A claim, or statement about a product or service, often compares that product or service to a competitor or to an entire category of competitors.
Advertising substantiation is important, but risky if not managed well. This post draws upon MMR Strategy’s experience to answer some frequently asked questions (FAQs) about advertising substantiation. Some of these questions come from attorneys, but others are asked by marketers who wish to include claims in their marketplace communications.
Q: Why is advertising substantiation necessary?
A: Advertising substantiation is necessary because it provides a factual basis that underlies statements made in advertisements, packaging, and other types of marketplace communications.
Q: When is advertising substantiation necessary?
A: The substantiation must be in place before the claim is made in the marketplace. Guidelines published by the Federal Trade Commission (FTC) their 1984 Policy Statement Regarding Advertising Substantiation requires that “… advertisers and ad agencies have a reasonable basis for advertising claims before they are disseminated.”
Q: How do authorities such as the Federal Trade Commission evaluate advertising claims?
A: The phrase “reasonable basis” in the prior question is the key test. The substantiation must be reasonable in relationship to the claim. The FTC’s Policy Statement indicates that “reasonable basis” depends on the type of claim, the product or service involved, the risks inherent in a false claim, the benefits claimed, the cost of claim substantiation, and standards in that particular field.
Q: What about implied claims?
A: According to the FTC’s Policy Statement, marketers are responsible for claims that are made expressly, as well as claims that could reasonably be implied from marketplace communications.
Q: Who is in charge of advertising substantiation?
A: Nobody, and everybody, is in charge. There are a variety of authorities who potentially could be involved in a claim substantiation matter, including the Federal Trade Commission, the National Advertising Division (NAD) of the Better Business Bureau, federal courts, state courts, and others.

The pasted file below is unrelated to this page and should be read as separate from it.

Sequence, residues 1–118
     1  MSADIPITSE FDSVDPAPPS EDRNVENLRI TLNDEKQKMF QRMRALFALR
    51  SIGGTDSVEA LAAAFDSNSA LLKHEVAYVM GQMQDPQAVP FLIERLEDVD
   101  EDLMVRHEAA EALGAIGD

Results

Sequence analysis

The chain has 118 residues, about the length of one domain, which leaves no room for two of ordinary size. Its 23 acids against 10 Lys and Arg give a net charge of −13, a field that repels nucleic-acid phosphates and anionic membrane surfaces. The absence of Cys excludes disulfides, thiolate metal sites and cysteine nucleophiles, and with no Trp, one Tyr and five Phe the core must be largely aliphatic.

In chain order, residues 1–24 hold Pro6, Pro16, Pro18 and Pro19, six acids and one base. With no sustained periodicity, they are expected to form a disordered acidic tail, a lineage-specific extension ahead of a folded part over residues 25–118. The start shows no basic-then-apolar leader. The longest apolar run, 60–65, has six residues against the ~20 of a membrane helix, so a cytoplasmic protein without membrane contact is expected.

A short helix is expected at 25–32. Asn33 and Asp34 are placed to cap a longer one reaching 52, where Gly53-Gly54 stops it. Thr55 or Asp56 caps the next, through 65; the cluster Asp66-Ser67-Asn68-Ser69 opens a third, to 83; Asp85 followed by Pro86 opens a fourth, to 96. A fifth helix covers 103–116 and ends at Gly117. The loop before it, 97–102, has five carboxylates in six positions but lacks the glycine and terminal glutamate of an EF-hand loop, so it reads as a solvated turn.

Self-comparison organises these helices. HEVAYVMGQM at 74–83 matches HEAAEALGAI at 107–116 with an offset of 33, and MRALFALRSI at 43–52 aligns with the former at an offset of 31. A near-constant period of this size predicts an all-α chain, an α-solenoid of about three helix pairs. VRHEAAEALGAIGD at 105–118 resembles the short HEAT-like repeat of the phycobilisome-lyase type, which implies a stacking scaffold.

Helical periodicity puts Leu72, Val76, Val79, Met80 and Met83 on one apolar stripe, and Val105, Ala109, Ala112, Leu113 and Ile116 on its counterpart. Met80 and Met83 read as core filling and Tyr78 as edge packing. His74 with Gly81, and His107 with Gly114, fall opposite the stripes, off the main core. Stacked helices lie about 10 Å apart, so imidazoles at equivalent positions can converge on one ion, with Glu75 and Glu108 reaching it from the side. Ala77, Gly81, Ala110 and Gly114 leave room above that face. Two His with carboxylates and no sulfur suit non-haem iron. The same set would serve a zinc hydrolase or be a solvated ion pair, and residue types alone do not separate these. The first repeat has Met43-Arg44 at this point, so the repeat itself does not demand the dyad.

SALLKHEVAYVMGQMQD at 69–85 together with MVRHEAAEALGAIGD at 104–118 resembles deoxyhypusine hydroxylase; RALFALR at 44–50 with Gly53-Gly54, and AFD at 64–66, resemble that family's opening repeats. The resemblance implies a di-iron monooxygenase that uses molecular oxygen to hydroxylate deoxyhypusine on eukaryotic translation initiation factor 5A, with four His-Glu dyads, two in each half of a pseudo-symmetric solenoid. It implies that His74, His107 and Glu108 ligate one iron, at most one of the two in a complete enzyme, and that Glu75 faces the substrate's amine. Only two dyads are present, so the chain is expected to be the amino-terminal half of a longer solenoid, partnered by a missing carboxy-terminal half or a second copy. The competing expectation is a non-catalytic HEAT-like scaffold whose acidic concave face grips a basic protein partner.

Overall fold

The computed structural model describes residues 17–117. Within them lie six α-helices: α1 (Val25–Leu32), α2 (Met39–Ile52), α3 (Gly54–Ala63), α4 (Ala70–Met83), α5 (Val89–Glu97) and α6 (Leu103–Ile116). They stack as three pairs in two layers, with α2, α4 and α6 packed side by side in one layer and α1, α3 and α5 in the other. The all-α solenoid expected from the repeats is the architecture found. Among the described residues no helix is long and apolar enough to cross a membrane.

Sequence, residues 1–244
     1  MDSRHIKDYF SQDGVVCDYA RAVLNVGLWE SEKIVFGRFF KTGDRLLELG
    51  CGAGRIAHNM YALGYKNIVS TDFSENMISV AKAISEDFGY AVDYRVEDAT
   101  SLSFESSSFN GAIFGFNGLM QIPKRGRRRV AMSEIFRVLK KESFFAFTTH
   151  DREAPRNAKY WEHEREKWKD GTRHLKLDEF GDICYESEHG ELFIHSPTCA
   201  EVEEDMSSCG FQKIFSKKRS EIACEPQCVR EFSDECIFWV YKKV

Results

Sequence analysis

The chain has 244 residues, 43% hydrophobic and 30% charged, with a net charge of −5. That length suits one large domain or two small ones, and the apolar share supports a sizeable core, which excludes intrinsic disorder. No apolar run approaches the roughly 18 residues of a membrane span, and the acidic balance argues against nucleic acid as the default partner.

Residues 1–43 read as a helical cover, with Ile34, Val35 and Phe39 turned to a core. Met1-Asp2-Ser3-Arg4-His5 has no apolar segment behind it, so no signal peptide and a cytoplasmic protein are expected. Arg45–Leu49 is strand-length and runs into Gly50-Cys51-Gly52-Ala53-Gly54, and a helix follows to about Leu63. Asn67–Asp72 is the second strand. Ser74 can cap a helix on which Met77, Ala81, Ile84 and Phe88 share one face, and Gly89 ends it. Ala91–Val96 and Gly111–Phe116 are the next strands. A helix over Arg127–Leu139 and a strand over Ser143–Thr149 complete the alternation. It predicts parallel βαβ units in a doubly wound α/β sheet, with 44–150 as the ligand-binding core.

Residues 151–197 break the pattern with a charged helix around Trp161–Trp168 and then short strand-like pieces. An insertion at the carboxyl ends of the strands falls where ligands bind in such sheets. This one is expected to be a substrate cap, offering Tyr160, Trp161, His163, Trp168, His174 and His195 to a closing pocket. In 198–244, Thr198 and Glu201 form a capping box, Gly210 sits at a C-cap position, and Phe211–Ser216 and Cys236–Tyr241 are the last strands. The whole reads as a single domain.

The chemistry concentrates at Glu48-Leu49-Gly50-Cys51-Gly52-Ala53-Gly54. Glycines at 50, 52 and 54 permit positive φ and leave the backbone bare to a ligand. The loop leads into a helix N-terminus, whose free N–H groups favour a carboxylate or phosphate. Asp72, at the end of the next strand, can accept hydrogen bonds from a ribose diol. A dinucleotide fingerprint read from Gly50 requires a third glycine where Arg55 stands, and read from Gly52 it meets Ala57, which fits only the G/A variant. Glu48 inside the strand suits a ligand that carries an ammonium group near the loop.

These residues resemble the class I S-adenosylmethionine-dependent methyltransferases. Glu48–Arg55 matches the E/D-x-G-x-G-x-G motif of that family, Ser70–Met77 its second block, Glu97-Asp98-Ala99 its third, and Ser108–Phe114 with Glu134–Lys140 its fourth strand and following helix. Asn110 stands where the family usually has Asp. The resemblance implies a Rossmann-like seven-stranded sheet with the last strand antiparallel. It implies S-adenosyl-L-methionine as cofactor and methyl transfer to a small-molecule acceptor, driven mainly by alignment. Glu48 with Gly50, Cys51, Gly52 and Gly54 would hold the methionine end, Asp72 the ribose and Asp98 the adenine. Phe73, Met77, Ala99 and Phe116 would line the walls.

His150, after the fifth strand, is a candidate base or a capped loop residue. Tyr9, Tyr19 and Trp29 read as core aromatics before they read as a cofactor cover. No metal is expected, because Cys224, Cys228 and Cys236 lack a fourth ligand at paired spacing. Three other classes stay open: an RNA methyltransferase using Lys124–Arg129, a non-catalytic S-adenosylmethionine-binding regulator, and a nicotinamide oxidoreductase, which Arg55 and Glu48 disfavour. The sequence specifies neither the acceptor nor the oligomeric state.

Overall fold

Q: How is the process of advertising substantiation evaluated?
A: Each authority may have its own processes, rules, and expectations for matters involving advertising substantiation. For example, the NAD is a voluntary body with extensive experience with advertising matters; compared to other venues such as federal court, the NAD process can be relatively quick and less expensive. However, NAD decisions are not enforceable. No matter which venue is used, the authorities will want to see reliable evidence that closely matches the claims made.
Q: What is a substantiation survey?
A: Some claims involve consumer perceptions, such as which peanut butter tastes the crunchiest, which lotion leaves skin feeling smoothest, or which bank is most trusted. A substantiation survey typically gathers data on the perceptions of customers and prospects for the purposes of advertising substantiation.
Q: Why is survey evidence important in advertising substantiation?
A: The advertiser has the burden of proof to identify the messages and impressions that a reasonable consumer takes away from an advertising message. These messages can be expressly communicated, or implied. A survey is often viewed as a reliable and scientific method to substantiate a claim, or to show whether an advertisement is truthful or false/misleading.
Q: What are the standards for advertising substantiation surveys?
A: As my colleagues at MMR Strategy have pointed out in other posts, a survey conducted for advertising substantiation has different standards and methods than survey research conducted for other purposes, such as market research. Surveys used in advertising substantiation are typically held to a more stringent set of standards and practices intended to make sure that the substantiation survey is reliable.
Q: OK, but how exactly are substantiation surveys different?
A: There are a variety of ways in which a survey for advertising substantiation can differ from other types of surveys. Without going into too much technical detail, the substantiation survey is likely shorter and more focused with fewer questions. Questions will be more focused on specific concepts, the survey will generally (but not always) be more likely to use controls, the substantiation survey will be more likely to validate responses and to employ a host of other specific operational elements.
Q: Where can I learn more about the standards for litigation surveys?
A: There are a variety of places you can turn, including some of the other posts on MMR Strategy’s website. For something a bit more technical, the ASTM’s Standard Guide for Sensory Claim Substantiation is an excellent resource as well.